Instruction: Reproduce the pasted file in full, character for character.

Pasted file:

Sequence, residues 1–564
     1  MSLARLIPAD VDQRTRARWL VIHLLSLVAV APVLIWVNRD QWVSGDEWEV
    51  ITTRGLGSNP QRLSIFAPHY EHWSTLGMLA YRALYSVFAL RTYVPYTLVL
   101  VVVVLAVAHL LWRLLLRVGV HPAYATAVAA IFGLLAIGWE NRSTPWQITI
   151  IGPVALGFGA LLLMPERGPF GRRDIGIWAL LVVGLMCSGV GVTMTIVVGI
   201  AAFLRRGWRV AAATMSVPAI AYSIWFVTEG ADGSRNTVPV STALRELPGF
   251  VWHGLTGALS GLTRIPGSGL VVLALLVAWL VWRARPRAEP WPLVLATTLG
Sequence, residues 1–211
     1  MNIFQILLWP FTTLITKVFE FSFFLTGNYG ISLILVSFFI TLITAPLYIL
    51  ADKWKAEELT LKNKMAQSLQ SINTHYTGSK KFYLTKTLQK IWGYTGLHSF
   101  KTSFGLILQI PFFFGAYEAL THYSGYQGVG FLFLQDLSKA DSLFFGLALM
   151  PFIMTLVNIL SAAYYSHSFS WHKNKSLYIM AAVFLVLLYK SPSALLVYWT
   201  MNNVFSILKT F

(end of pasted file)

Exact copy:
Sequence, residues 1–564
     1  MSLARLIPAD VDQRTRARWL VIHLLSLVAV APVLIWVNRD QWVSGDEWEV
    51  ITTRGLGSNP QRLSIFAPHY EHWSTLGMLA YRALYSVFAL RTYVPYTLVL
   101  VVVVLAVAHL LWRLLLRVGV HPAYATAVAA IFGLLAIGWE NRSTPWQITI
   151  IGPVALGFGA LLLMPERGPF GRRDIGIWAL LVVGLMCSGV GVTMTIVVGI
   201  AAFLRRGWRV AAATMSVPAI AYSIWFVTEG ADGSRNTVPV STALRELPGF
   251  VWHGLTGALS GLTRIPGSGL VVLALLVAWL VWRARPRAEP WPLVLATTLG
Sequence, residues 1–211
     1  MNIFQILLWP FTTLITKVFE FSFFLTGNYG ISLILVSFFI TLITAPLYIL
    51  ADKWKAEELT LKNKMAQSLQ SINTHYTGSK KFYLTKTLQK IWGYTGLHSF
   101  KTSFGLILQI PFFFGAYEAL THYSGYQGVG FLFLQDLSKA DSLFFGLALM
   151  PFIMTLVNIL SAAYYSHSFS WHKNKSLYIM AAVFLVLLYK SPSALLVYWT
   201  MNNVFSILKT F